Scots believe birthplace and parentage count most – living in Scotland for ten years doesn't make you Scottish
With a close Scottish independence vote just two years ago and the serious prospect of another before the end of the decade, Scottish identity is a more prominent issue than it has been for decades if not centuries. According to the Scottish government, all British citizens born in Scotland and all British citizens habitually resident in Scotland would automatically be considered Scottish in the event of independence, whilst anyone with a Scottish parent or grandparent or who had lived in Scotland for 10 years and had ongoing connection to Scotland would be able to apply for citizenship.
The Scottish public do not entirely agree with this. Our survey finds that most Scots feel that being Scottish is a birthright. Nearly nine out of ten Scots (87%) think that being born in Scotland makes a person Scottish, whilst having two Scottish parents makes a person Scottish as far as 71% of Scots are concerned. This falls to 50% for one parent. Additionally, growing up in Scotland makes you Scottish to 69% of Scots.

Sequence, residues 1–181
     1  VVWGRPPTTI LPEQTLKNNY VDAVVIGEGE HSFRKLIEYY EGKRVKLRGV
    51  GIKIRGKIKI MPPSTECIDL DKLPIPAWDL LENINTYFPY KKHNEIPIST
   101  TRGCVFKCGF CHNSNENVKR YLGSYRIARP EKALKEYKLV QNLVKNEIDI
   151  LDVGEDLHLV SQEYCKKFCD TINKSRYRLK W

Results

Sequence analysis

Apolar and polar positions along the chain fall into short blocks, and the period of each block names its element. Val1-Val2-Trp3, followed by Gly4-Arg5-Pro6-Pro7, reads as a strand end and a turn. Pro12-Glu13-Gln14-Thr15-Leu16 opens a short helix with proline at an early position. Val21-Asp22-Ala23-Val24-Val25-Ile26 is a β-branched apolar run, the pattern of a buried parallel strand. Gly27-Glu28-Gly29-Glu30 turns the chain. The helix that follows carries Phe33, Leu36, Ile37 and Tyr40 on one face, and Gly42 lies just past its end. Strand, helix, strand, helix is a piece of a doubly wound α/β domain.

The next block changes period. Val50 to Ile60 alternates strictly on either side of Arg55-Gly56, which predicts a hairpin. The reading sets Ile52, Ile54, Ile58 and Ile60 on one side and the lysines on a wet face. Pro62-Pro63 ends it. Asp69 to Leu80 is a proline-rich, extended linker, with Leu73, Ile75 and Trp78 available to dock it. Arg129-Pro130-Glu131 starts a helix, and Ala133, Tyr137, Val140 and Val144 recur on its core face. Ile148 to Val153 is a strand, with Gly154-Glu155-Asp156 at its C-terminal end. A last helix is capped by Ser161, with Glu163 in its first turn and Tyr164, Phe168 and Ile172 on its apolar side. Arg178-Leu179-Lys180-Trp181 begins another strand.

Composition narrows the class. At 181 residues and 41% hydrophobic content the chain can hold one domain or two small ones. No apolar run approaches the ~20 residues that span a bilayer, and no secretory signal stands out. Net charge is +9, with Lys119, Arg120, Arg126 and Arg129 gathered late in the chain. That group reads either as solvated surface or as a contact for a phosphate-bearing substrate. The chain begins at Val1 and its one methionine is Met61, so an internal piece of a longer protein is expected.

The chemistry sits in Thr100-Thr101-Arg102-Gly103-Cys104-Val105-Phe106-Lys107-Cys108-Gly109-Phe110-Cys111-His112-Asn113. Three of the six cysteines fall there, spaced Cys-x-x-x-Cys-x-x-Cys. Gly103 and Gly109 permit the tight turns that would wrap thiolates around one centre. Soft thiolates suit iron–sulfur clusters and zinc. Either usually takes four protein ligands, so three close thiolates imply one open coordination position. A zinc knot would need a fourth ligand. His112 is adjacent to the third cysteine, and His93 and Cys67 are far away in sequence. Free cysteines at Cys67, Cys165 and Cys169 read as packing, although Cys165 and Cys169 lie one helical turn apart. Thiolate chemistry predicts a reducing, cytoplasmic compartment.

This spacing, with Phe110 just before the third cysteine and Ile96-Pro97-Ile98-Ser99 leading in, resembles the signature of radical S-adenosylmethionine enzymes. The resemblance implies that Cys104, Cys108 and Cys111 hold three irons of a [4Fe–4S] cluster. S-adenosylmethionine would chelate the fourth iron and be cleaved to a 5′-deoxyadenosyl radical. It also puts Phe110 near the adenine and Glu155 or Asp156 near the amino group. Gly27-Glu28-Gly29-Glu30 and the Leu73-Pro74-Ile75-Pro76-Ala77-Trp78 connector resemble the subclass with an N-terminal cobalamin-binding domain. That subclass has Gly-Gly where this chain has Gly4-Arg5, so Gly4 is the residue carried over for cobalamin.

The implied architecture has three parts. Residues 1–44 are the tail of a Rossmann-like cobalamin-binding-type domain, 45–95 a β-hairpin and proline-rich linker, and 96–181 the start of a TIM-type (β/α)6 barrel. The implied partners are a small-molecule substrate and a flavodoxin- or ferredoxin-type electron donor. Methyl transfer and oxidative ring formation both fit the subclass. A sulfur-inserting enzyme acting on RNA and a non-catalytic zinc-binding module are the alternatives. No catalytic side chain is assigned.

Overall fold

However, living in Scotland a long time doesn’t cut it. More than half of Scots (58%) think that living in Scotland for more than 10 years does not make a person Scottish. This figure rises to 70% for those living in Scotland for 5-10 years and 75% for those living in Scotland for less than 5 years. Six in ten (59%) think that a person considering themselves Scottish was not enough to make themselves so.
Which celebrities are really Scottish?
Despite such firm views on Scottishness, they seem to be applied inconsistently when tested on public figures connected to Scotland. Fewer than half of Scots consider Scotland-born chef Gordon Ramsay (44%) and son of a Scotsman singer Rod Stewart (39%) to be Scottish. Author JK Rowling, who was born in England but has lived in Scotland since the early nineties scores higher on 46%.
It would seem that being part of the Conservative party is particularly bad for perceptions of your Scottishness. Despite both politicians having been born in Scotland to Scottish parents and lived their entire lives there, 87% of Scots consider Nicola Sturgeon to be more Scottish than English, compared to just 61% for Ruth Davidson.
New Labour architects Alastair Campbell and Tony Blair perform worst of all. Campbell – who has two Scottish parents - is seen as being Scottish by just 19% of Scots, whilst Blair scores just 10%, despite having been born in Scotland to a father who grew up in Scotland.
Overall, the majority of Scots consider themselves their identity to be more Scottish than British. 28% consider themselves to be “Scottish, not British”, whilst another 28% say they are “more Scottish than British.
A further 29% say that they are “equally Scottish and British”, whilst just 10% believe they are either British or more British than Scottish.